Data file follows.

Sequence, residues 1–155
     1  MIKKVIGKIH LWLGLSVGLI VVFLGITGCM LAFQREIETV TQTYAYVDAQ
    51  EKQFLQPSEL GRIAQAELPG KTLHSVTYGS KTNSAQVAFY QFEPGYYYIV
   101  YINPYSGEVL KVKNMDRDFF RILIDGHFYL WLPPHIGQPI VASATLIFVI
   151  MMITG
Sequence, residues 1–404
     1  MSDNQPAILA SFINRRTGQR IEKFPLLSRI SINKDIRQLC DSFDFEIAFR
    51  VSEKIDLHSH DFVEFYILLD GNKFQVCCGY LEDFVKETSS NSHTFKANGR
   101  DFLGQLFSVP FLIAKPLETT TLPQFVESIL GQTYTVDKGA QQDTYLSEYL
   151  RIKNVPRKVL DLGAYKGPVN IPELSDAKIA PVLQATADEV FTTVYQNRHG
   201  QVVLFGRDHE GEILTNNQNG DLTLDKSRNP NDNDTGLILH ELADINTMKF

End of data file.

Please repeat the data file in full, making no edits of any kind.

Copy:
Sequence, residues 1–155
     1  MIKKVIGKIH LWLGLSVGLI VVFLGITGCM LAFQREIETV TQTYAYVDAQ
    51  EKQFLQPSEL GRIAQAELPG KTLHSVTYGS KTNSAQVAFY QFEPGYYYIV
   101  YINPYSGEVL KVKNMDRDFF RILIDGHFYL WLPPHIGQPI VASATLIFVI
   151  MMITG
Sequence, residues 1–404
     1  MSDNQPAILA SFINRRTGQR IEKFPLLSRI SINKDIRQLC DSFDFEIAFR
    51  VSEKIDLHSH DFVEFYILLD GNKFQVCCGY LEDFVKETSS NSHTFKANGR
   101  DFLGQLFSVP FLIAKPLETT TLPQFVESIL GQTYTVDKGA QQDTYLSEYL
   151  RIKNVPRKVL DLGAYKGPVN IPELSDAKIA PVLQATADEV FTTVYQNRHG
   201  QVVLFGRDHE GEILTNNQNG DLTLDKSRNP NDNDTGLILH ELADINTMKF